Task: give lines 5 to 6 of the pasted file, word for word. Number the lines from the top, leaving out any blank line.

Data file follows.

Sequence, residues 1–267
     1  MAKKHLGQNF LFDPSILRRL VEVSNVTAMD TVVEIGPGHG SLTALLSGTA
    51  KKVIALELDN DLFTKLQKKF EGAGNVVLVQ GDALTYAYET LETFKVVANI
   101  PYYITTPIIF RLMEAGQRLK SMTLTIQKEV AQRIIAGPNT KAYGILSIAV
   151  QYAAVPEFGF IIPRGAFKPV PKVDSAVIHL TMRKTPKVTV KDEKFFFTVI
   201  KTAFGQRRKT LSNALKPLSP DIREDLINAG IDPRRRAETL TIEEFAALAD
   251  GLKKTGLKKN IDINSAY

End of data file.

   151  QYAAVPEFGF IIPRGAFKPV PKVDSAVIHL TMRKTPKVTV KDEKFFFTVI
   201  KTAFGQRRKT LSNALKPLSP DIREDLINAG IDPRRRAETL TIEEFAALAD